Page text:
W’African Insurance Regulators Formalise Cross-Border Supervision | Independent Newspapers Limited
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Business, Insurance

W’African Insurance Regulators Formalise Cross-Border Supervision

Posted: Sep 10, 2015 at 12:00 am   /   by   /   comments (0)

Stories by Sola Alabadan,


The insurance supervisors of Nigeria, Ghana, Liberia, Sierra Leone, and The Gambia have established West African Insurance Supervisors Association (WAISA) to formalise cross-border supervision in the sub-region.

The Multilateral Memorandum of Understanding (MMoU) to this effect was signed at the office of National Insurance Commission (NAICOM) in Abuja recently, and the Economic Community of West African States (ECOWAS) has been notified of the new association. Both Liberia and The Gambia were, however, absent at the event.

The agreement was championed by NAICOM since many subsidiary insurance companies authorised by Ghana, Liberia, Sierra-Leone and the Gambia to conduct insurance business in the sub-region are owned by Nigerian insurance companies including NEM Insurance, Regency Alliance, Equity Assurance, Wapic Insurance, Staco Insurance, and Capital Express Assurance.

The increased activities of these Nigerian insurance companies in West Africa made the National Insurance Commission (Ghana), Central Bank of Liberia, Sierra-Leone Insurance Commission and Central Bank of the Gambia agreed to sign the MMoU.

According to the Commissioner for Insurance, Mohammed Kari, the MMoU was to formalise the relationship among the parties in strengthening cross border insurance supervision through information sharing and mutual cooperation, which are in conformity with International Association of Insurance Supervision (IAIS) principles.

He added that the MMOU will also help the regulators to effectively communicate with each other in addressing fraud across jurisdictions in compliance with the Financial Action Task Force (FATF) recommendations on Anti-Money Laundering.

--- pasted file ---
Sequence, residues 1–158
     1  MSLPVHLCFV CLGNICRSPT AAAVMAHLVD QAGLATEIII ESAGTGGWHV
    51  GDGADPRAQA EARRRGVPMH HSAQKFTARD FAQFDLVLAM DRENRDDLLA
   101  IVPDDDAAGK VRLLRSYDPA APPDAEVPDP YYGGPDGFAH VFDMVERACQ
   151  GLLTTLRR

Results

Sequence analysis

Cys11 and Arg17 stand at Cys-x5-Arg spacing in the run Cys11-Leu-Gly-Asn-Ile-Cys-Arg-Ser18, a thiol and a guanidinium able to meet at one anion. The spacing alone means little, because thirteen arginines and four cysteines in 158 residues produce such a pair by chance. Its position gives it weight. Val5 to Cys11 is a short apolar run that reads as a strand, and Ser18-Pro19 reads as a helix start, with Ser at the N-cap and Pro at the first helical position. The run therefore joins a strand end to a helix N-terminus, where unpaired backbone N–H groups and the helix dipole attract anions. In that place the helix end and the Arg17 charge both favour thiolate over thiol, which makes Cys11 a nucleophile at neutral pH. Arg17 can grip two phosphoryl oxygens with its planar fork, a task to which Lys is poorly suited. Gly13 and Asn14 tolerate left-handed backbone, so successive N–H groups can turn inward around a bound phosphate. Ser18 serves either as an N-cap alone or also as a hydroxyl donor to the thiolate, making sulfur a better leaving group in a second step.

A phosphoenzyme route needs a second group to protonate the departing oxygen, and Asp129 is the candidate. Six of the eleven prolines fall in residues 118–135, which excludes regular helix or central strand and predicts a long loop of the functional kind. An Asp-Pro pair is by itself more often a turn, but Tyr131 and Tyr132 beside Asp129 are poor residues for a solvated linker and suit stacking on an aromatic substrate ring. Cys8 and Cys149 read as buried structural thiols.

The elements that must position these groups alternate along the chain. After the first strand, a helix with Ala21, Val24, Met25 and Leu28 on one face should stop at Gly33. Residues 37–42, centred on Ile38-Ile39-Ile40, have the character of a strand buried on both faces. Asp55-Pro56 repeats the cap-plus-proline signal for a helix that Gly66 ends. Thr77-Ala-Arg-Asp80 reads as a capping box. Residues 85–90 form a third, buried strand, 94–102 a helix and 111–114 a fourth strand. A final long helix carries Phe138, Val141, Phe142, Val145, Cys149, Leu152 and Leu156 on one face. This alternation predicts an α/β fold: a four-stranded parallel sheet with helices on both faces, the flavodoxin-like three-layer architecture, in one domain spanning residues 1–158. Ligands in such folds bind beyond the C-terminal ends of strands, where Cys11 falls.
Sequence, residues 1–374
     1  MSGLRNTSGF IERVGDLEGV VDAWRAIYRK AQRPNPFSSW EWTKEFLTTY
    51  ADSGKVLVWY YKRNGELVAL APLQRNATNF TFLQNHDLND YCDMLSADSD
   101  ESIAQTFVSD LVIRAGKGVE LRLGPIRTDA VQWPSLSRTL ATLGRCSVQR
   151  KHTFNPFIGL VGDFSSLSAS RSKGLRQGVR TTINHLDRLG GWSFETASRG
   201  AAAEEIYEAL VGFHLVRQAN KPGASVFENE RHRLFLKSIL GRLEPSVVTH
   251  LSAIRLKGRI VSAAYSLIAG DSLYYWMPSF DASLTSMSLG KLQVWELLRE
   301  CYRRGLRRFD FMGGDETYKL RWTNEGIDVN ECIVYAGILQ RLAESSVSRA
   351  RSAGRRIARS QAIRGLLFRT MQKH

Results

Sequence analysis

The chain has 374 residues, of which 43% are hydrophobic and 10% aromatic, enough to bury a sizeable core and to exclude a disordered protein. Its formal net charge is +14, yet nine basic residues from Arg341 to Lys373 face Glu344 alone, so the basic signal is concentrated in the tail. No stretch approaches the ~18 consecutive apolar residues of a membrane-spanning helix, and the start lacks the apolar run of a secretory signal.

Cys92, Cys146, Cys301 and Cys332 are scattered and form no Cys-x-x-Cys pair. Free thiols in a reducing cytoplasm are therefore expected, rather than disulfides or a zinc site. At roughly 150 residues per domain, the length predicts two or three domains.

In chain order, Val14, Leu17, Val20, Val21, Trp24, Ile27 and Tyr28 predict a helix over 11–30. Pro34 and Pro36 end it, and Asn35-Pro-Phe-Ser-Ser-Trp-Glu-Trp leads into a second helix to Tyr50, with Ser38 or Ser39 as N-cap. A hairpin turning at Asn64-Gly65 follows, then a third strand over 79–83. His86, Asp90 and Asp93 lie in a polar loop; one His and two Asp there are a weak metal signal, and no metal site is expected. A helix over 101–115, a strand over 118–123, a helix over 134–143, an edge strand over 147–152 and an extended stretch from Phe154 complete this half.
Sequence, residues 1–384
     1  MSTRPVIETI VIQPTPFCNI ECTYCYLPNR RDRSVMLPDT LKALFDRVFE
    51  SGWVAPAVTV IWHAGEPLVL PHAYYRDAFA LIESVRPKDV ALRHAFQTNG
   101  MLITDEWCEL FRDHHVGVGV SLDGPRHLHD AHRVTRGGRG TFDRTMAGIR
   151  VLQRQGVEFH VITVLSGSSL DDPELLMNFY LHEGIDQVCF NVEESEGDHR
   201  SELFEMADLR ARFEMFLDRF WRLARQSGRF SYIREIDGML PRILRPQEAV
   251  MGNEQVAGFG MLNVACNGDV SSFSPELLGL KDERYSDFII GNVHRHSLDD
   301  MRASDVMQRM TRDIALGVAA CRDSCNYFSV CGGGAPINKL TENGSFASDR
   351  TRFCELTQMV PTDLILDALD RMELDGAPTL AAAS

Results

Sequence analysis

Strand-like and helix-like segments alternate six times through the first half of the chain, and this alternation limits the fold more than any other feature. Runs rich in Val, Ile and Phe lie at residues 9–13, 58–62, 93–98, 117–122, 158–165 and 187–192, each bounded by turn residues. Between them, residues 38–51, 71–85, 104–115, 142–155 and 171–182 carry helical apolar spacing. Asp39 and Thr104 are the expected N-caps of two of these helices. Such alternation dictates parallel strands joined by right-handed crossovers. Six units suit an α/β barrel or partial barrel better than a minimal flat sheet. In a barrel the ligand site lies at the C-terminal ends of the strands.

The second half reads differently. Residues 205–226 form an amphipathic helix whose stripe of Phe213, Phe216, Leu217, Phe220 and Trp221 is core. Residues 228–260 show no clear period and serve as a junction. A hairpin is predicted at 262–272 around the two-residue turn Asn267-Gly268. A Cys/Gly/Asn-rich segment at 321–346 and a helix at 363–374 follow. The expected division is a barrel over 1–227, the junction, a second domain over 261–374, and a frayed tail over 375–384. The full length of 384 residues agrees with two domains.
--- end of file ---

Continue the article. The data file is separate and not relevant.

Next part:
The MMoU was to facilitate group-wide supervision, entailing in particular, but not limited to, an assessment of the group’s financial situation, compliance with the rules on solvency, risk concentration and intra-group transactions, and system of governance.

It was also intended to enhance solo supervision of insurance entities by the supervisors as well as provide a permanent forum for cooperation to build relationships between the members, coordinate supervisory activities and engender greater cohesiveness in cooperation between the supervisors.

Besides, the agreement was equally to foster a better understanding of supervisory practices and more efficient and effective supervision as there are significant differences in the supervisory practices of the various supervisors, due to the specific features of each local market, which are better understood by the relevant supervisors.

The concept of an association of regulators is certainly not new to the sub-region as the banking regulators have been making use of this approach for some time now.  Also in July this year, the West African Securities Regulators met in Abuja to sign a MoU for mutual cooperation.